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Unlike Victor Frankenstein, God is the perfect creator. God created humans to conceive other humans, have emotion, and obtain the capability to communicate with one another. On the other hand Victor’s main purpose in attempting to create the Monster is solely a science experiment. Victor creates the Monster who cannot conceive another monster and has to learn on his own how to communicate. He also has to teach himself to be social. Mary Shelley parallels God as the perfect creator with Victor Frankenstein who is a flawed creator.
Victor Frankenstein is encouraged by his college professor to go in a more depth study of Chemistry and Diane Telgen says, “He pursues his studies in the chemistry lab and dissecting rooms and morgues, gathering the material for his experiment to make a creature from discarded corpses, perhaps one “like himself” (182). He spends countless hours imagining and working on the Monster. His thoughts begin with “I doubted at first whether I should attempt the creation of a being like myself, or one of simpler organization; but my imagination was too much exalted by my first success to permit me to doubt of my ability to give life to an animal as complex and wonderful as man” (Mary Shelley 40).
During the time he takes to work on his creation, he isolates himself from all others in his life. Telgen then adds on, “Cut off from contact with others, ignoring letters from friends and family, he exhausts himself” (182). Victor exhausts himself so much he becomes sick and unable to take care of himself.
Henry Clerval, “Victor’s closest friend and companion, who balances his emotional and rational pursuits,” nurses Victor back to health.
After Victor wakes up, he finds the Monster staring at him and “flees in horror at what he has done” (Telgen 182). Victor abandons the Monster shortly after he realizes the damages and flaws he has given his creation, even after working countless hours attempting to perfect the Monster. Telgen writes about the Monster and says, “Like a newborn baby reaching out to his mother, the [Monster] reaches out to Victor when he is transformed from an inanimate to an animate being” (185). Yet, through Shelley’s writing it is shown that Victor leaves him in the dust.
On the other hand, God, creator of the universe and all that is in it, does not abandon nor does He turn away from His creations, even with flaws. His love for his creations is incomprehensible. Though humans may turn away, reject, and give up on God, He never gives up on them. He cares for his precious creations. Humans see the brokenness in the lives God has provided them with, just as God sees it, but even through the brokenness He still loves his creations. He knows all of the imperfections each individual has and never walks away from them.
Victor Frankenstein, on the other hand, abandons the Monster shortly after he realizes how damaged and flawed his creation is, even after working countless hours attempting to perfect the Monster. Victor’s purpose in creating the Monster is to become more like God. He wants to bring this Monster to life because he thinks it will better humankind. Paul writes in Romans, “As it is written, There is none righteous, no, not one: There is none that understandeth, there is none that seeketh after God. They are all gone out of the way, they are together become unprofitable; there is none that doeth good, no, not one. Their throat is an open sepulchre; with their tongues they have used deceit; the poison of asps is under their lips” (King James Version 3:10-13). In this scripture, it can be understood that God is the only perfect person in the world. Nothing any individual does is perfect, nor can it be compared to the things God does and has done for humans. He sees his creations as perfect, even though God creates humans to communicate and mingle with other humans. Also, God makes humans to have emotions. Through watching and learning from others as individuals grow and build brain cells, relational and social skills are developed. Humans are born with this capability; it is not a learned skillset.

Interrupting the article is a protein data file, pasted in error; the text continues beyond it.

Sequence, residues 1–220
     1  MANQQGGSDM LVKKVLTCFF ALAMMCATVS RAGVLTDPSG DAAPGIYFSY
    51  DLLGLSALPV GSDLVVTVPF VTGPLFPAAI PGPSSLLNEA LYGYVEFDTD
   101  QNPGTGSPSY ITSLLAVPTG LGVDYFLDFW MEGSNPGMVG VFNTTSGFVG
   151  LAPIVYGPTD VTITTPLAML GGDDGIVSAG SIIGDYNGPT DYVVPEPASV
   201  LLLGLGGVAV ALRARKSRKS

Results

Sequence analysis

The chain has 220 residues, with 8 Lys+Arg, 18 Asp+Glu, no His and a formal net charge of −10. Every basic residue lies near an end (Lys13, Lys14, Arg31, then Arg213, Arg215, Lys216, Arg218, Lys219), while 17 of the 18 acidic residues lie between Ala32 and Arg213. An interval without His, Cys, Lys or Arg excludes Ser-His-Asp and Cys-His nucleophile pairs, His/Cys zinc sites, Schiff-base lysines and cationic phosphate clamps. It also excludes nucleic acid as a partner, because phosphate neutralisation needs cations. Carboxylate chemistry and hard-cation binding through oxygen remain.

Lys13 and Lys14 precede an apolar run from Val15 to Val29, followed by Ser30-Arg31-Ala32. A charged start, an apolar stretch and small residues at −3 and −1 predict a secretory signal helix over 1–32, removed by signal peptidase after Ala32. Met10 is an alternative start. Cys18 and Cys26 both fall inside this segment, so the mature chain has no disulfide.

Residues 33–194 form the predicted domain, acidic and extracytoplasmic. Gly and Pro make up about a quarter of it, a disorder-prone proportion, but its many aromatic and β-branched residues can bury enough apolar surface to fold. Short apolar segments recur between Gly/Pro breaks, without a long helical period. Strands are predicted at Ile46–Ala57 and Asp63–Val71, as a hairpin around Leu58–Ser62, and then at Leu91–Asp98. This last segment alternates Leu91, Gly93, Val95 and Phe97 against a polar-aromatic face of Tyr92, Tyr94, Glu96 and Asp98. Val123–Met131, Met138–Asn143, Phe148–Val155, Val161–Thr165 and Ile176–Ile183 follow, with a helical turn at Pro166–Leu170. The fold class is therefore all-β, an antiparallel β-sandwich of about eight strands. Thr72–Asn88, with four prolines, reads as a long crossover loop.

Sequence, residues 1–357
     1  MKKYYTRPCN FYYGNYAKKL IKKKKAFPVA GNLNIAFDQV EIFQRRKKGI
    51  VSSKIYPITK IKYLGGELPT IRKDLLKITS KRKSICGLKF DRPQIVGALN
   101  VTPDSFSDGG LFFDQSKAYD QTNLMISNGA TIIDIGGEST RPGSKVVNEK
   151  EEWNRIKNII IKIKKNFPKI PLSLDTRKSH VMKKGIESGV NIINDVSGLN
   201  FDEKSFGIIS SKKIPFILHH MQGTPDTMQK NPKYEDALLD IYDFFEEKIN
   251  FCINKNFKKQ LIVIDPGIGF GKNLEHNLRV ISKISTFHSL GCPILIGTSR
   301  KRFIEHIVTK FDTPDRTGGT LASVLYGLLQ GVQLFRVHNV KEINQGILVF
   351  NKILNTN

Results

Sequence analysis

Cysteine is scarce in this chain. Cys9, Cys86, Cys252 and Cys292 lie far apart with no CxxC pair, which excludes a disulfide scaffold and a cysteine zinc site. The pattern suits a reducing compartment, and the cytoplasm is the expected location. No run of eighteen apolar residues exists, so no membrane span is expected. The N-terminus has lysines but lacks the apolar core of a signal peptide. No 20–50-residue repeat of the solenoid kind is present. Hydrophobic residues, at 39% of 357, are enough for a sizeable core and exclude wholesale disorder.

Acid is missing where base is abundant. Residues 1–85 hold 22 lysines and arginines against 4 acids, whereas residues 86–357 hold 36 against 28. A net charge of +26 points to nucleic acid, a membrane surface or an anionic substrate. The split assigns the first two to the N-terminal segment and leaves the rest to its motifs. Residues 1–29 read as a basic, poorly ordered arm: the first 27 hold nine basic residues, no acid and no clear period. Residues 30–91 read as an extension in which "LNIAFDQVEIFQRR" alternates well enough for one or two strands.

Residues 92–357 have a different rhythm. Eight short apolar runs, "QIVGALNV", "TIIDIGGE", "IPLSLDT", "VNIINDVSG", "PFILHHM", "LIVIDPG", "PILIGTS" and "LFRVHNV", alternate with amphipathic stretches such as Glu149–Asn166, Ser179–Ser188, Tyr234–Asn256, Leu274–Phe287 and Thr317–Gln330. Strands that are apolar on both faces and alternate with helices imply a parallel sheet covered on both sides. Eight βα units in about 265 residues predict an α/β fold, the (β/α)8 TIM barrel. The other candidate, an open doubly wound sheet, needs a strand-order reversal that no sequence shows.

The Monster is assembled by Victor from old body parts. Although the body parts given to the Monster are not original and are used, he still has the capability to think and learn. The monster learns how to speak on his own after being abandoned by his creator, unlike God would ever do. The Monster comes across cottagers and studies their language. Eventually, after studying the cottagers he learns of human law, government and so much more, but just as he learns of all the good things “… he learns of his own lonely deformity” (Telgen 183). Being alone for a while, he ventures out and comes across a blind man and tells him his story until other people come along and the Monster horrifies them. He has been alone for a long time and the first human interaction he comes across is so negative he then proceeds to burn down the cottagers’ cottage. Being alone for so long and not knowing entirely how the world works lead him to confusion and he comes to the point to making bad decisions out of the spur of the moment because he has no idea what else he can do. As a result to Victors poor choice in leaving the Monster on his own, the Monster relies on what he thinks is right. He doesn’t understand and needs a creator to be there and help him figure things out.
Victor Frankenstein can never be compared to God. Mary Shelley portrays Victor as a creator, while God is the creator of all and above all gave Victor the ability to create. God gives Victor the capability to think, make, and become a creator. Though Victor is created by God and in the image of God, just as all other humans are, Victor is still imperfect. The flaws Victor maintains are without number, just like any other human. Being an imperfect creator, Victor cannot be equated to the flawlessness of God.
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